Not in any particular order, five amazing songs to vibe out to at Flore would be:
"This Must Be The Place" by The Talking Heads
"Be Alright" by Zapp
"(Fallin' Like) Dominoes" by Donald Byrd
"Love What Happened Here" by James Blake
"Taxman" by Junior Parker
Speaking as a bar man in general, how do you embrace the culinary side of craft cocktails when making drinks?
Very fully. I run my bar at 1760 not unlike a kitchen. We pay close attention to every ingredient, how it's treated, how it's used, and we learn and practice the best techniques we know to extract flavor, texture and aromatics. Of course, I think there are a lot of gimmicks out there when using tools behind the bar so we keep it pretty classic: jiggers, knives, spoons and scissors. That's all you need if you are adept at using them. I get most of my cocktail inspirations working closely with chefs so I probably unconsciously pick up a lot of their outlook on ingredients and maintenance of workspace.
About a decade ago, the Bay Guardian called you the best bartender to confess sins to. Without naming names, what was the best sin someone confessed to you?
Good one. Well, I might have been named that because I don't give away what's told to me! Buuuut if you're dying to know… there were some situations with taxes, a lot of ex-wife, ex-husband stuff, how to cut in line at the DMV. (Laughs.) Nah man, I can't give away people's soul secrets!
You studied poetry in college. How have your primary writing themes shifted over the years?
My outlook on the world is informed poetically in a very natural way. I never felt like I was born with a choice in that matter. I studied poetry in undergrad and later graduate school because it was the only way for me to understand the history of those before me who thought and considered things in a way I do. When I was younger, I suppose I used to write a lot about what I think, what evoked passionate reactions from me, what I felt was noble enough to speak up about. I like rhythm so that was used a lot in my writing.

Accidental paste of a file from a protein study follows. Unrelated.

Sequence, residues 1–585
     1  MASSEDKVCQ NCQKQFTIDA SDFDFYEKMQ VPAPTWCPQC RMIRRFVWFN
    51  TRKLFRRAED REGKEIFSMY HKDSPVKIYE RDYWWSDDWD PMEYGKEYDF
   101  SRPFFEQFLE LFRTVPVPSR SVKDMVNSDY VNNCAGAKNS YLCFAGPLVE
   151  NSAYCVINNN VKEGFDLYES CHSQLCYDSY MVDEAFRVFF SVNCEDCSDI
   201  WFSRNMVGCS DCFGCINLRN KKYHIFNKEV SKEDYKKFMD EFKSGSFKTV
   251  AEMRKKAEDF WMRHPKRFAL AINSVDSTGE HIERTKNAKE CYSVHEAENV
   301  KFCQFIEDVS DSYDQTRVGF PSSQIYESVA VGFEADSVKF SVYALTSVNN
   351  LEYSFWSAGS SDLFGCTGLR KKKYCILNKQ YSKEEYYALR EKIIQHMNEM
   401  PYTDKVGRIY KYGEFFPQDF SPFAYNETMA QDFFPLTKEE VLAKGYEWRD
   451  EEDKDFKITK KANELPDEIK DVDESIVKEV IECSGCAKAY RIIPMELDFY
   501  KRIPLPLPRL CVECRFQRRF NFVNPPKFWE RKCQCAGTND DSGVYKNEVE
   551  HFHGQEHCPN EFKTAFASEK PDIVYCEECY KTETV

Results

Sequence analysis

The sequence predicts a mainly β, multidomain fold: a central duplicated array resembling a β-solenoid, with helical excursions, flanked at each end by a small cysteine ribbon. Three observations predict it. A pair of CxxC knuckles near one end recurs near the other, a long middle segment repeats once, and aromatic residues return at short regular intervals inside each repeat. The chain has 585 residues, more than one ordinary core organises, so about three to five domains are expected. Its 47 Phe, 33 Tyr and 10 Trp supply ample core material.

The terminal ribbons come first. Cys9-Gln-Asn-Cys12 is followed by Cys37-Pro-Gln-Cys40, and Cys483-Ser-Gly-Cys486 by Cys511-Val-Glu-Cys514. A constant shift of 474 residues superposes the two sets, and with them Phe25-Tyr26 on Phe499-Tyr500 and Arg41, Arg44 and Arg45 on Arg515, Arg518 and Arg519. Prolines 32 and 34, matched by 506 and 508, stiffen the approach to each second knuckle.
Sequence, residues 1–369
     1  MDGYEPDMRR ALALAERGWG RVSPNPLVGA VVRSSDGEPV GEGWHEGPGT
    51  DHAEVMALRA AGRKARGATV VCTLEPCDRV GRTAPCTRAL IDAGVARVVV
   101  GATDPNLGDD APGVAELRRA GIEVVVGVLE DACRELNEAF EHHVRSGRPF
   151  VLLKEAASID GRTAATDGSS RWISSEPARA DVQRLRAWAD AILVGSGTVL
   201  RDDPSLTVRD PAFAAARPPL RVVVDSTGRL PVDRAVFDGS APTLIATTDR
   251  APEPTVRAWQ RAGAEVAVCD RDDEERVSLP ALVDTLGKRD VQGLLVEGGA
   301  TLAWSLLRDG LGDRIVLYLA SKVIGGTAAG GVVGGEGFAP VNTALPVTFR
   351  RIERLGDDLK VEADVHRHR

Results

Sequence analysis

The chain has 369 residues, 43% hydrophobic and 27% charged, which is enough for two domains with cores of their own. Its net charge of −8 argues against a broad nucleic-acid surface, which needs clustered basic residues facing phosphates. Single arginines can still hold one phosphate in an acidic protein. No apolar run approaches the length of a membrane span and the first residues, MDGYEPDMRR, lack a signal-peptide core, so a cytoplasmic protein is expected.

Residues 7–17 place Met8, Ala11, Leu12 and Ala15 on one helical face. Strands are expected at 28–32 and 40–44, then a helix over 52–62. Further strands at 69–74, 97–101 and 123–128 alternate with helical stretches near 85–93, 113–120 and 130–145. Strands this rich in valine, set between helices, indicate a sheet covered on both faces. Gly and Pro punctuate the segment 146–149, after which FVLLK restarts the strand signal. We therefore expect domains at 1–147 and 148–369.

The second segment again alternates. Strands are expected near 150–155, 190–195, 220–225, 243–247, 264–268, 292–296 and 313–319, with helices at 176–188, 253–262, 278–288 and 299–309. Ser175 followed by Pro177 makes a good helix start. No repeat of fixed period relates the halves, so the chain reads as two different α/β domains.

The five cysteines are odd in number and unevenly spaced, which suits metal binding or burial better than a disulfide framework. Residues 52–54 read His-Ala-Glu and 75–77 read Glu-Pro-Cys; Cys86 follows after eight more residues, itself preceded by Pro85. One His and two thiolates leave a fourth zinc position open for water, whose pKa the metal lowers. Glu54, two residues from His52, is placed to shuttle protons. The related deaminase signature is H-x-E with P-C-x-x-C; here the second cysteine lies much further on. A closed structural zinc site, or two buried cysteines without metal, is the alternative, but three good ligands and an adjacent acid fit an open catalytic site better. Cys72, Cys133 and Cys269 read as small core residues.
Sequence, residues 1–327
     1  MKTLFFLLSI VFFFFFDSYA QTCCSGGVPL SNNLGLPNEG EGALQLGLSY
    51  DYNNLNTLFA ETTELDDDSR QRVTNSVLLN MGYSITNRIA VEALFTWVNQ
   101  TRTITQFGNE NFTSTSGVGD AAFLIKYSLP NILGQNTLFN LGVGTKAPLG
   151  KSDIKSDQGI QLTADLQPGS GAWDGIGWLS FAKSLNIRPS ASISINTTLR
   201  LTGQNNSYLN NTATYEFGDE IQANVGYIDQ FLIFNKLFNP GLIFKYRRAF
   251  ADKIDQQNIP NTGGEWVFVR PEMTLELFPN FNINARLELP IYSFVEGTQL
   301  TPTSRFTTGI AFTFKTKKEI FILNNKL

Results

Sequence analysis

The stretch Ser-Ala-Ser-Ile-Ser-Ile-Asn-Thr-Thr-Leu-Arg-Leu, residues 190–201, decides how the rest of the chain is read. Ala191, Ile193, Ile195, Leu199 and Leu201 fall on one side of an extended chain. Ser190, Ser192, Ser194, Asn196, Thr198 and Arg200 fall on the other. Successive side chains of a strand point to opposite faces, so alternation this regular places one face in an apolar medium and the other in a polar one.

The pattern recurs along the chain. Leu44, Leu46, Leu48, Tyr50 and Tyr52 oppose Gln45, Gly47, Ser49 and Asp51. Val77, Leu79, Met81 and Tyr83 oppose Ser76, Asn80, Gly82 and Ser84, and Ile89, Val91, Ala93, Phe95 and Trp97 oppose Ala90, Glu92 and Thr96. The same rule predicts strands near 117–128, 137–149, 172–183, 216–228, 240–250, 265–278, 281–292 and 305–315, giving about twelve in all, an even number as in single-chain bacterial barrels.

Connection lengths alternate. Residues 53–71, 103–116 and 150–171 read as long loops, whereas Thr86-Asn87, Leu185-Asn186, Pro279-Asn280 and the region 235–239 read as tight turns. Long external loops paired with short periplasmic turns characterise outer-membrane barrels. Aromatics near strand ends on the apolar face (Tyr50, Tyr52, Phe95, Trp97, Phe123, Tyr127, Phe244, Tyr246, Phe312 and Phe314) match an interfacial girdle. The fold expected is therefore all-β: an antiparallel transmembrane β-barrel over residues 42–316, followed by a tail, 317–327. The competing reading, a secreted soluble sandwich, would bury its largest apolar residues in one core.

Now it feels I mostly write and express what I've deduced from what I've experienced: looking back on decisions I've made that have had a long enough time to produce some sort of fruit or consequence. [This includes] passages outlining patterns in my life the younger me would never have enough courage to admit perhaps. Sometimes I just write about simple beautiful things—guess that's my version of paying gratitude and homage to beauty itself.
Years ago, I took a big spill and broke my ankle and had to rely on a cane later in my healing process. Not that this is a complete poem, it's just a poetic vibe, but I found this in my notebook the other day: "The faces change, the game remains the same, the mind hangs in chains, the more things stay the same, the more they stay the same, guess I'll just lean on my cane, feed the birds my brains, consider the next plane and never feel the need to explain, I'd be too busy with the slippery word." As much I'd like to think otherwise, I guess not that much has changed since I scribbled that down one hazy day.